June 15, 2011, 11:21 a.m.
posted by sodog
More often than not, security people elaborate on and argue about the importance, usefulness, and suitability of specific security technologies without having the relevant vulnerabilities, threats, and corresponding risks in mind. For example, using a secure messaging scheme, such as PGP or S/MIME, is almost useless if you have nothing to lose and all you want to do is forward electronic versions of the latest jokes to a friend. The use of a secure messaging scheme, however, is very useful if you want to transfer an electronic order to an e-commerce service provider. Consequently, all we do in terms of security should be driven by risk management considerations. Remember, for example, the discussion we briefly started toward the end of Chapter 19 regarding the relationship of trust management and risk management.
Historically, the usual way to manage risks in the IT world started with a formal risk analysis. This has changed and we start seeing two trends:
Formal risk analyses are being replaced with alternative approaches and technologies (e.g., security scanners and IDSs).
Preventive security mechanisms are being complemented by detective and reactive security mechanisms.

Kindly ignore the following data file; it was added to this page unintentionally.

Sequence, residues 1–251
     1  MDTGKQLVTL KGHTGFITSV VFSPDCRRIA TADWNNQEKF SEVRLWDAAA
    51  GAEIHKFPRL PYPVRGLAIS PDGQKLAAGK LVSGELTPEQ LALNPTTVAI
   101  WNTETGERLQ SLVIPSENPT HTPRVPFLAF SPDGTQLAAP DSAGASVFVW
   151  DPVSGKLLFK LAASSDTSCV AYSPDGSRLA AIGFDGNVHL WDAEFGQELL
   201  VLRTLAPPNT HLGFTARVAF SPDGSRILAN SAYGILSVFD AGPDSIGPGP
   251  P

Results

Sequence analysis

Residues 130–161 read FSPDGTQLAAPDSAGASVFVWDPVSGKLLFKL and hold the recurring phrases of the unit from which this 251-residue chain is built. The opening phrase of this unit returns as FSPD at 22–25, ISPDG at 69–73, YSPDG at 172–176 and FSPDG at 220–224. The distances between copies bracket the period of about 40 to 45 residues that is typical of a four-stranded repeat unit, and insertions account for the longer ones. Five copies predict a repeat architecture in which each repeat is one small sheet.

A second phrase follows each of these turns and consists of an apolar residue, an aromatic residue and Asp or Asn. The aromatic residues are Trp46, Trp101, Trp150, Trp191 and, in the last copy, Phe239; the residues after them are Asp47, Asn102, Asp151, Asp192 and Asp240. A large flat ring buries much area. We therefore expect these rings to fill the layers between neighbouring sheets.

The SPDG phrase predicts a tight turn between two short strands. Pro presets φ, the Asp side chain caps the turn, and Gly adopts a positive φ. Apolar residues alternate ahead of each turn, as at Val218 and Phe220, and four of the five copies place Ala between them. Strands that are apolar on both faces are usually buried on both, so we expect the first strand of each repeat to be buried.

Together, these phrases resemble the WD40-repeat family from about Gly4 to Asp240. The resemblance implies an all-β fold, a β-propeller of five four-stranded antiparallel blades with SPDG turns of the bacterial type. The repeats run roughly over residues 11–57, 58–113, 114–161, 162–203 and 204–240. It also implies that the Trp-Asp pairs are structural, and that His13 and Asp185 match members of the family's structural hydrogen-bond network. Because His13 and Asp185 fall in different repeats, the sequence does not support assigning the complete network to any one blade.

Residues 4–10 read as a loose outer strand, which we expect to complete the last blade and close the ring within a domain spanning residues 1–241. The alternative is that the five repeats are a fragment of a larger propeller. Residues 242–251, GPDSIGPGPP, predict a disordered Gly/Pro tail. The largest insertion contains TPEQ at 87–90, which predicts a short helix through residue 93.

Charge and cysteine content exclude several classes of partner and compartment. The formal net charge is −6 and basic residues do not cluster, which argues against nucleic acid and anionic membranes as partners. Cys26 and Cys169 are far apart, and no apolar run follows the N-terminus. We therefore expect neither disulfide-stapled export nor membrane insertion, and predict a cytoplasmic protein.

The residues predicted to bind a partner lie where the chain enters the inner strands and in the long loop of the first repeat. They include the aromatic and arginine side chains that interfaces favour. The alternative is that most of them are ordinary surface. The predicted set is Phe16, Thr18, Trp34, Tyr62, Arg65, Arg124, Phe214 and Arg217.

The first trend occurs simply because formal risk analyses are difficult and labor-intensive and because they poorly scale to large corporate intranets. Contrary to that, the second trend occurs because preventive security mechanisms, such as firewalls and the use of cryptographic security protocols, have turned out to be incomplete, meaning that they do not patch all vulnerabilities and do not protect against all possible threats. As an approximation of the first degree, you may think of all systems and applications to be vulnerable and exploitable by specific attacks. This is true even if the systems and applications use sophisticated preventive security mechanisms. In fact, it is possible and likely that security breaches and vulnerability exploits will always occur and compromise the security of our systems and applications. The role of the preventive security mechanisms is only to lower the likelihood that a serious exploit will happen.
Against this background, we have to think about detection and response. How do you, for example, make sure that exploits and attacks are detected in the first place? Note that, contrary to the real world, a victim must not necessarily be aware of the fact that he or she has become a victim in the digital world. Data can be copied electronically without leaving any traces. Similarly, what do you do if an exploit or attack is actually detected? How do you respond to exploits and attacks? In either case, you need detective and reactive security mechanisms. One may argue that detective and reactive security mechanisms are becoming more important because of the incomplete nature of the preventive security mechanisms we have in place today. In his latest book , Bruce Schneier provides some strong arguments about the importance of detection and response and why they are important in the insecure IT world in which we live today. When you are designing security for an intranet environment, you should carefully think about the role of detection and response. These components are in fact becoming increasingly important.